Reference Geometry includes reference planes, axes, coordinate systems, and points. In this blog, we will discuss the many ways of creating and defining Reference Planes if you need to use planes other than the default Top, Right, and Front Planes.
The Reference Geometry command lives on the Features toolbar, but you can also access it from Insert > Reference Geometry.
When the Reference Plane PropertyManager comes up, you will notice that there is a lot of freedom for defining references and constraints and little instruction on the ways you can create planes. The message will change from a yellow “Select references and constraints” (meaning you do not have enough references yet) to a green “Fully Defined” (when you are able to create a plane). The message can also turn red if “Current combination of references and constraints are not valid”.
As you start selecting edges, faces, planes, or points as References, more options will appear based on your choices.
These are the various ways you can define a reference plane and we will look at an example of each one:
- Offset Distance
- Coincident with 3 vertices
- Coincident with a line and a vertex
- Tangent and Parallel
- Tangent and Perpendicular
- Mid Plane
- Perpendicular at a Point
- Create a plane parallel to the screen
To create an Offset Plane, select a planar face or plane that you want to offset from and specify the offset distance. Select the Flip offset button if you need the plane to be created in the opposite direction. You can also increase the number of planes to create equally spaced from the first reference to easily create multiple planes at once. In this scenario, I left the number of planes as 1. Click the green check mark to create your plane.
Coincident with 3 Vertices
To create a Coincident Reference Plane, you need to select 3 vertices to fully define the new plane. Once three vertices and the Coincident buttons are selected, the Fully Defined message will appear in green and you can choose the green check mark to create the plane coincident to all 3 selected vertices.
Coincident with a Line and a Vertex
Similarly, you can also create a Coincident Reference Plane by selecting a line or edge and a vertex. In this example, the reference plane will be created perpendicular to the pink edge and coincident to the purple vertex.
To create an Angled Plane, you need to select a planar face or plane and an edge or axis to fully define the reference plane. Be sure to choose the Angle button on the planar face reference to be able to specify the degrees at which you want the plane to be created and to have the ability to Flip offset and create multiple instances of the plane.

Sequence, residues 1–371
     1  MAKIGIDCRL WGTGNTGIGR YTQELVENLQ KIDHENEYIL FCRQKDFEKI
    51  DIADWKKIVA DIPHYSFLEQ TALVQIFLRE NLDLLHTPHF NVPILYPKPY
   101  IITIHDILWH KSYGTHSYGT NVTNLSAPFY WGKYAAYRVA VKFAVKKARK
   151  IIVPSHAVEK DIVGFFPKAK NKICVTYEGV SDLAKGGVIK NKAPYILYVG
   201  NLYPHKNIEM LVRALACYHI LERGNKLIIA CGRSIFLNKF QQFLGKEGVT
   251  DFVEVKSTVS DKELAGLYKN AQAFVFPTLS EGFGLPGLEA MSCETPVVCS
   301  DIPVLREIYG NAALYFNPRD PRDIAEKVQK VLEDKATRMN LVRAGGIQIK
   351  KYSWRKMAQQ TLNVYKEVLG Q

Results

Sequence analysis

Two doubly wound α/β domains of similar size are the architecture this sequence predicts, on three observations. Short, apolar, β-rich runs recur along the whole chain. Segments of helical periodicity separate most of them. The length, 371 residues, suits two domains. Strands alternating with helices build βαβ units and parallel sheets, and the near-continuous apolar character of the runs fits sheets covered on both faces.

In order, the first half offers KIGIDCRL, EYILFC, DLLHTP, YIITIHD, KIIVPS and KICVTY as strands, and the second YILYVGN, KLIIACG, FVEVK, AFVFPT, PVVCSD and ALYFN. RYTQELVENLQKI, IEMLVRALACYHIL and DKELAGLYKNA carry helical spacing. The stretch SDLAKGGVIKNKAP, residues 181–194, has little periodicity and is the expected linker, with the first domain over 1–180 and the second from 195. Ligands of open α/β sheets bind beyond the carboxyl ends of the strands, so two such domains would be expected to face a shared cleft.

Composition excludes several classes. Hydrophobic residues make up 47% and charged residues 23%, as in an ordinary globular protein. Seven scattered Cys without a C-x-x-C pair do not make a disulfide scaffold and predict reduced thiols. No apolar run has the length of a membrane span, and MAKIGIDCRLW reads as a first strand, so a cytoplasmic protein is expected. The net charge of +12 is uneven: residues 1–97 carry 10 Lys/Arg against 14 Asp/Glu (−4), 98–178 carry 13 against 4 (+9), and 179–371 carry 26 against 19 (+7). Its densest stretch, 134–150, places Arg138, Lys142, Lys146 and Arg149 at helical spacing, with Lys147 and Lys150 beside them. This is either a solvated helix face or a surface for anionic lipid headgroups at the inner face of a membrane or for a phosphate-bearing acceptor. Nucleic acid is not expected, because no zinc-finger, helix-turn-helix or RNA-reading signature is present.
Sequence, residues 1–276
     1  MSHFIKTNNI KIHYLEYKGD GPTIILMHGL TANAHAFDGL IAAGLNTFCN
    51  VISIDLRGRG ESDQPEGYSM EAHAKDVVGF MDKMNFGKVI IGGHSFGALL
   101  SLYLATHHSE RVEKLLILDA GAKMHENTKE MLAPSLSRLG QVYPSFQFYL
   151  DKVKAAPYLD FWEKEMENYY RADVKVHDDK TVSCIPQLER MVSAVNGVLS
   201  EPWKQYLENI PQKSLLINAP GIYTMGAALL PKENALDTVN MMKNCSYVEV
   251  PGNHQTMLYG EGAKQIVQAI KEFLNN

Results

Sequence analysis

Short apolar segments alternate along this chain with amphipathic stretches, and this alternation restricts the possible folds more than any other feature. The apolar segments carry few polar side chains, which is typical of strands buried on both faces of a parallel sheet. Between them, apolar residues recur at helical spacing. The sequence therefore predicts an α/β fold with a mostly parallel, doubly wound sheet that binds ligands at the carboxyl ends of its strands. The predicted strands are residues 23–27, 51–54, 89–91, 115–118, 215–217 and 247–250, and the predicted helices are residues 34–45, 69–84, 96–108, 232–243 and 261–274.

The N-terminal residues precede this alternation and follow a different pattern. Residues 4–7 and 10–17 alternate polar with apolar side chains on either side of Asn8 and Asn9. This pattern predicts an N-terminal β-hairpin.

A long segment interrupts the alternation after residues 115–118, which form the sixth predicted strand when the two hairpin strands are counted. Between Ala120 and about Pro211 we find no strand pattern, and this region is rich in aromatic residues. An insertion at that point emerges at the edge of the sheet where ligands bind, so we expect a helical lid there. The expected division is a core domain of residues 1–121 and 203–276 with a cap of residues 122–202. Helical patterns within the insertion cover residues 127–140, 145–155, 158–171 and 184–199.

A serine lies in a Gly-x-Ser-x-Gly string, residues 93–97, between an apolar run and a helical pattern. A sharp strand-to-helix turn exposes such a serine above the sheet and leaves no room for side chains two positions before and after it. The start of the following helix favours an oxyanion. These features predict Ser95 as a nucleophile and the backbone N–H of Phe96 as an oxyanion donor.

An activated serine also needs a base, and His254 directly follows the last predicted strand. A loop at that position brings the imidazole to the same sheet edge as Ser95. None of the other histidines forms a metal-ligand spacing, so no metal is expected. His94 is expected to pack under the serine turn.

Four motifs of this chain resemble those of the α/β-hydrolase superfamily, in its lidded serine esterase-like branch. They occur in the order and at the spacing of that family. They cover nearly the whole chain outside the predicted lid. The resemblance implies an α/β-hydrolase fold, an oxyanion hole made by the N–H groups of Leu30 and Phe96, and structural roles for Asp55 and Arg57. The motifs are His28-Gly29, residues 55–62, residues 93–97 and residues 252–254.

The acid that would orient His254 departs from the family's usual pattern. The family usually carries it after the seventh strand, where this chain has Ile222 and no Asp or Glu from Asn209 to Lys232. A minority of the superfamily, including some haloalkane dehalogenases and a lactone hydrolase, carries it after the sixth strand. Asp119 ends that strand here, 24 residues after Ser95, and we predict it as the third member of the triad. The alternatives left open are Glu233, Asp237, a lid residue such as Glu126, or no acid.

Parallel Reference Planes can be created when a face and vertex are selected, and the Parallel button is chosen in the PropertyManager under the face reference. This will create a plane parallel to the face and coincident to the vertex.
Tangent and Parallel
Tangent and Parallel Reference Planes are fully defined when a cylindrical face and a planar face or plane are selected with the Parallel button chosen under the planar face. This will create a plane tangent to the cylindrical face and parallel to the planar face.
Tangent and Perpendicular
Similarly, if you choose a cylindrical face and a planar face or plane with the Perpendicular button chosen under the planar face, this will create a plane tangent to the cylindrical face and perpendicular to the planar face.
Mid Plane Reference Planes are an easy way to create a reference plane that stays centered between two faces or planes. To create this plane, simply select two planar faces with Mid Plane selected. In this case, I chose the left and right faces to create the blue midplane in the image.
Perpendicular at a Point
This example is one of the most useful reference planes especially when creating lofts or sweeps. To create a reference plane perpendicular to a point, create a sketch and choose a line and an endpoint in the Reference Plane Property Manager. From here, you have a plane that can easily be used to create a profile of a sweep along your sketch.
Create a plane parallel to the screen
Finally, you can create a plane parallel to the screen by selecting a vertex and choosing “Create Plane Parallel to Screen”, and optionally, an offset distance.
I hope this gives you a better understanding of ways to create Reference Geometry Planes to make you more efficient in SOLIDWORKS!
Computer Aided Technology, LLC